To hold companies like the Washington Post Creative Group accountable, Clean Creatives has published an F-List, or rather, a roll call of 90 agencies and PR firms that work with fossil fuel clients, including their trade associations and front groups. The aim is two-fold: to provide transparency about which companies are propping up the fossil fuel industry’s disinformation campaigns and to make it easier for freelance creatives to identify potential clients that have a connection to oil and gas.
“I worked in climate communications for a long time, and every time we would try and do something good — like the Paris Climate Agreement, or pass climate legislation, or stop a pipeline — there were always really well-run, well-funded PR and ad campaigns that would arise to oppose us,” says Meisel. “That’s the function of these ads, to demobilize and demoralize people who are asking for change, to make them feel like there’s nothing that can be done, that the problem is unfixable. And a large function of the ads is to just keep people from engaging in the political process.”
To add insult to injury, a handful of the large advertising and PR firms that count fossil fuel companies as clients have aggressive climate pledges of their own. In 2021, advertising holding company WPP announced an extensive and detailed plan to go net-zero by 2030, pledging to fuel the entirety of its operations with renewable energy by 2025. Here’s the snag. Advertising firms Ogilvy, WundermanThompson, Hill + Thompson, and Burson Cohn and Wolfe, all of which are owned by WPP, are the agencies of record for BP, Shell, and Exxon, respectively. According to Clean Creatives, these fossil fuel clients account for 423 times the carbon impact of WPP’s operations, effectively making their net-zero commitment an empty promise.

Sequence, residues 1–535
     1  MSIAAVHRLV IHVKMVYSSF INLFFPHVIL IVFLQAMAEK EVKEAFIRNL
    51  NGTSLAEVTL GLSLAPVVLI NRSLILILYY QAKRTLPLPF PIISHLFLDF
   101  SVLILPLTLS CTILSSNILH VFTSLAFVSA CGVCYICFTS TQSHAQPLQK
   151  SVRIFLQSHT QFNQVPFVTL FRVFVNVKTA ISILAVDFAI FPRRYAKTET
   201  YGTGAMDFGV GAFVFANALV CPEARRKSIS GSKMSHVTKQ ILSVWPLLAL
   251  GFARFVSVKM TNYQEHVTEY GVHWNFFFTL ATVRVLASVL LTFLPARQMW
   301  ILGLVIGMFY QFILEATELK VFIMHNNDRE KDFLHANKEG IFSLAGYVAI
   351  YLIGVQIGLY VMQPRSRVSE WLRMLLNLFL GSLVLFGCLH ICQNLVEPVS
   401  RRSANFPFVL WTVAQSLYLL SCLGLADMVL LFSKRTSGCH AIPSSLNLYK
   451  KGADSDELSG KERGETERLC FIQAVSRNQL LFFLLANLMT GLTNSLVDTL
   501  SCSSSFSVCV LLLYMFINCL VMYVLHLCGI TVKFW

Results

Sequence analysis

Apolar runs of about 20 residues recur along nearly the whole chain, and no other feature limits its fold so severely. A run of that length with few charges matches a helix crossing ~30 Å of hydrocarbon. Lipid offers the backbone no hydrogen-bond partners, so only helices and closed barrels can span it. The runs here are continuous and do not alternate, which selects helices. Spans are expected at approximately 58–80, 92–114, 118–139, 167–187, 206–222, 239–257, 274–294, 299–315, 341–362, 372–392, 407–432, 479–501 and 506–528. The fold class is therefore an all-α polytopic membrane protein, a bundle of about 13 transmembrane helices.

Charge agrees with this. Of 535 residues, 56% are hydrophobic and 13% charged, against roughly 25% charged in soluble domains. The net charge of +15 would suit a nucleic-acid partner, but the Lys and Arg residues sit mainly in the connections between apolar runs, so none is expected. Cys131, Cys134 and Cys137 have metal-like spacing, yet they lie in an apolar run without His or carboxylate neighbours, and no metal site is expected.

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The same goes for New York-based holding company Interpublic, which has pledged to reach net-zero emissions by 2040. Meanwhile, Carmichael Lynch, an agency owned by Interpublic, spearheaded a campaign for oil company Conoco Phillips, which resulted in 40 million gallons of gasoline sold and represents a greater carbon impact than the entire holding company generates, according to Clean Creatives.